Those who are financially disciplined wouldn’t be bothered about interest rates, although knowing about them wouldn’t hurt. However, the interest rate could be a big factor for those who frequently fall back on their payments. (This, by the way, is a bad habit and can hurt your CIBIL score badly. More on this later, though.)

  • Various fees and penalties

You’re happy that your bank is offering you a free card, but did you check how free your ‘free’ card really is?

Some cards are free for only first year, after which the bank charges an annual fee per year. Before taking a card, look beyond the ‘no-joining fee’ feature; read its details to see if the card is really ‘free’ or if you’d have to pay an annual fee after the first year.

Another thing you might want to consider are the penalties levied in case of late payment or non-payment. While you should clear all your bills on time, it is best to learn all charges upfront to prevent any nasty surprise when you open your bill statement.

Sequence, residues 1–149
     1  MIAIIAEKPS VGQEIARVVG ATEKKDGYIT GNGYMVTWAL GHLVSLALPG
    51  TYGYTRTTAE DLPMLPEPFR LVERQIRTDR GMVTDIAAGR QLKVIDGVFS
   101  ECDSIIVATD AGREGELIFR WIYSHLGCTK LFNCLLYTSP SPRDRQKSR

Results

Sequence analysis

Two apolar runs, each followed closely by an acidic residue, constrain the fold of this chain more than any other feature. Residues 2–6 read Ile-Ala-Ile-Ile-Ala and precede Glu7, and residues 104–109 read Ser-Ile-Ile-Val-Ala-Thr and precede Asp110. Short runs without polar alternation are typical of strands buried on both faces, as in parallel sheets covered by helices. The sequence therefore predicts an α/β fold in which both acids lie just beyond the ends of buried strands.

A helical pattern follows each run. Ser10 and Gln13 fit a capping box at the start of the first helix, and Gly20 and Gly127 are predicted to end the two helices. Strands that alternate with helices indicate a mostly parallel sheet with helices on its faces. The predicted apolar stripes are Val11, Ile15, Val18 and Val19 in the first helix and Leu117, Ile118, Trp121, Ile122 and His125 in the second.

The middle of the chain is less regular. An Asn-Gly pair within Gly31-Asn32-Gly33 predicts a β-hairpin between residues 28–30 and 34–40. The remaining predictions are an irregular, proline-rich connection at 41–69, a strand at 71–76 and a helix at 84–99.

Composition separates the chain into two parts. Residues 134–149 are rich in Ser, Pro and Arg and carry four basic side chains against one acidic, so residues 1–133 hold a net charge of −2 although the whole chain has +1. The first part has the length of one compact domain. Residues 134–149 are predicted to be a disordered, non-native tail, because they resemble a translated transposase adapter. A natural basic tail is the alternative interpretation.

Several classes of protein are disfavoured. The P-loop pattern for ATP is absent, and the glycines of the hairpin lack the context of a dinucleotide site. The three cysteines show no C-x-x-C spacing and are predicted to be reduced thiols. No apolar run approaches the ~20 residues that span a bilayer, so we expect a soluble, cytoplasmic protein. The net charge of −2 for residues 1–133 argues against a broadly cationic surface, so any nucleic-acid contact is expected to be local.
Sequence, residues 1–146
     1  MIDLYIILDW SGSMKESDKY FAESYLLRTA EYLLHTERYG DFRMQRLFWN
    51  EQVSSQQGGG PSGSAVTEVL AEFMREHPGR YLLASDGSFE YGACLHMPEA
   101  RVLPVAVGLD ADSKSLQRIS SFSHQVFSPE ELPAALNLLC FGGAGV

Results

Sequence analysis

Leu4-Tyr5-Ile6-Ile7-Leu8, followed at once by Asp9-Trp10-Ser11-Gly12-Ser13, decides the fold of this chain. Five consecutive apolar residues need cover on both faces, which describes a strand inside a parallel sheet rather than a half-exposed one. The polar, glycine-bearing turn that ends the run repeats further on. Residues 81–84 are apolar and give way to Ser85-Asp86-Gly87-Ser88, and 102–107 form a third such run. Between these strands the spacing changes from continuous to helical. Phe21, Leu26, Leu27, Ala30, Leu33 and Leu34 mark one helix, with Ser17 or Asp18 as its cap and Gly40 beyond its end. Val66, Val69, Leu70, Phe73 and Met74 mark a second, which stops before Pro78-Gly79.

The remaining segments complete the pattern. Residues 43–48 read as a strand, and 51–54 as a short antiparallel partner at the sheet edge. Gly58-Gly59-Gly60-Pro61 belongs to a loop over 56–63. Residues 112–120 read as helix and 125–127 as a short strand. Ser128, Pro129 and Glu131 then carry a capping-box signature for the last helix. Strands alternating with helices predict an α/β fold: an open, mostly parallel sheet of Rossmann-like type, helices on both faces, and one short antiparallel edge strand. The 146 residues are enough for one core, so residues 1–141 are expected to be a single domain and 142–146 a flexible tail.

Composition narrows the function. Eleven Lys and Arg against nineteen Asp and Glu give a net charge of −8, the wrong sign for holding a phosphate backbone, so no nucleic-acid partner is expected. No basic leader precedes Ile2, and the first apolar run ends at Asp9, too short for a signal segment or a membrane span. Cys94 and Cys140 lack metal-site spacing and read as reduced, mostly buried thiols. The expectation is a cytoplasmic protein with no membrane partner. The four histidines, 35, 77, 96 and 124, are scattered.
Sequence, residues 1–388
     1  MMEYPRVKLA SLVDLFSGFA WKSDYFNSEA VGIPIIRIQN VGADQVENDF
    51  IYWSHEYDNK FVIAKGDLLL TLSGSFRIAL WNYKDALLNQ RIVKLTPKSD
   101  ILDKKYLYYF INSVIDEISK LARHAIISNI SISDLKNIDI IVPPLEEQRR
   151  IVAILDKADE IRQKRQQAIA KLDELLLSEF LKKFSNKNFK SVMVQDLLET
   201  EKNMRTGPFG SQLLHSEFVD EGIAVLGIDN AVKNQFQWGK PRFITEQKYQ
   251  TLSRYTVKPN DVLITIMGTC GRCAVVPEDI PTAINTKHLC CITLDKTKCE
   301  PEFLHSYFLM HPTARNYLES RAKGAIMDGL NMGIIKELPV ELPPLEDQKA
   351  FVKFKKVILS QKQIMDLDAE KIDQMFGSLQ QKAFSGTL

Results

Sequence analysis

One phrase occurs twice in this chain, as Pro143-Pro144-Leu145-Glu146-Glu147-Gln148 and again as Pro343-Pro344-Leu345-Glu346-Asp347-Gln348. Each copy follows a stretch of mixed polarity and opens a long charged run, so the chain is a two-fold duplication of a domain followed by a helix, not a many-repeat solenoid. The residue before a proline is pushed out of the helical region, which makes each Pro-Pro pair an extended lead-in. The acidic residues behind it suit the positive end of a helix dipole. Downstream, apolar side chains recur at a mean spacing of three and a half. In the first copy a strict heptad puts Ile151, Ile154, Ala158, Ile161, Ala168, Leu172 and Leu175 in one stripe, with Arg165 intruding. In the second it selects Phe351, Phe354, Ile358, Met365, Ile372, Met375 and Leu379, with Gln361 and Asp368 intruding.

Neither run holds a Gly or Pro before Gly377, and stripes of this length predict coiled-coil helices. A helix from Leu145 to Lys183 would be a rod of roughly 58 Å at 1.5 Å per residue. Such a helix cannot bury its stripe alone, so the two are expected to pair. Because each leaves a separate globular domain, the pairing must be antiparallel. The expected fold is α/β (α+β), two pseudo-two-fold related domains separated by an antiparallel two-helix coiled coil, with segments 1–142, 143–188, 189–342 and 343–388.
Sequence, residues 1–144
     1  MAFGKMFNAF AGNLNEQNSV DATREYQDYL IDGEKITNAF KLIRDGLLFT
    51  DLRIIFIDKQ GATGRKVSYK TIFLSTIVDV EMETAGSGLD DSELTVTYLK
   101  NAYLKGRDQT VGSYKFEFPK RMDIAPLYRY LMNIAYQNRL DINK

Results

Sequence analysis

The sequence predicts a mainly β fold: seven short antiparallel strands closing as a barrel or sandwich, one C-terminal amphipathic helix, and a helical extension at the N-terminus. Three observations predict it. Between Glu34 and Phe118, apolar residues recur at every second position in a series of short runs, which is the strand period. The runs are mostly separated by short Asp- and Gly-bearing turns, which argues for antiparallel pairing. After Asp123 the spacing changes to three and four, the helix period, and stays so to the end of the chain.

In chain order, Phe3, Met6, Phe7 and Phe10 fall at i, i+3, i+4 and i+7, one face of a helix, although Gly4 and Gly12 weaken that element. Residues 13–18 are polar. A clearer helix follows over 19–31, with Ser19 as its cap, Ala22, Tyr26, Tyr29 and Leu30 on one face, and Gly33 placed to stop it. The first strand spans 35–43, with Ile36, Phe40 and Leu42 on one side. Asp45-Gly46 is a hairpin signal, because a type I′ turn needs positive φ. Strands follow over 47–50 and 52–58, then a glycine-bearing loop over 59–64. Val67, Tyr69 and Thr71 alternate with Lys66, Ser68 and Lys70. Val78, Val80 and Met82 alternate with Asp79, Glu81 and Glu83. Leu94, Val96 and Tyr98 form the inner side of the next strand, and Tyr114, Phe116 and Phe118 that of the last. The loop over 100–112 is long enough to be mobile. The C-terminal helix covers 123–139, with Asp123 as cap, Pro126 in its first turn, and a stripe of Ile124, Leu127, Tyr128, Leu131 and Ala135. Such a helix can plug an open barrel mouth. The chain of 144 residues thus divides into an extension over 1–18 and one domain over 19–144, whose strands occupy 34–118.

• Credit limit

When it comes to credit limit, remember that you don’t always get what you want but you can choose less if you are being given more.

Your credit repayment history and your current income are two factors that banks consider, more than any other thing, when deciding on how much credit limit to offer to you.

Keeping your limitations, if any, aside, you would ideally want a card with a credit limit that is appropriate for the purpose for which you are taking that card.  For example, if you want a card for everyday purchases, you’d want one with a substantial credit limit, enough to cover you monthly everyday shopping transactions.

On the other hand, if you are a causal user who uses the credit card occasionally, you’d want a credit card with a lower credit limit even if the bank is willing to offer you a higher credit limit.  We’ll look at why you should do this in the next section of the article, but this is one occasion where taking less when being offered more makes better sense.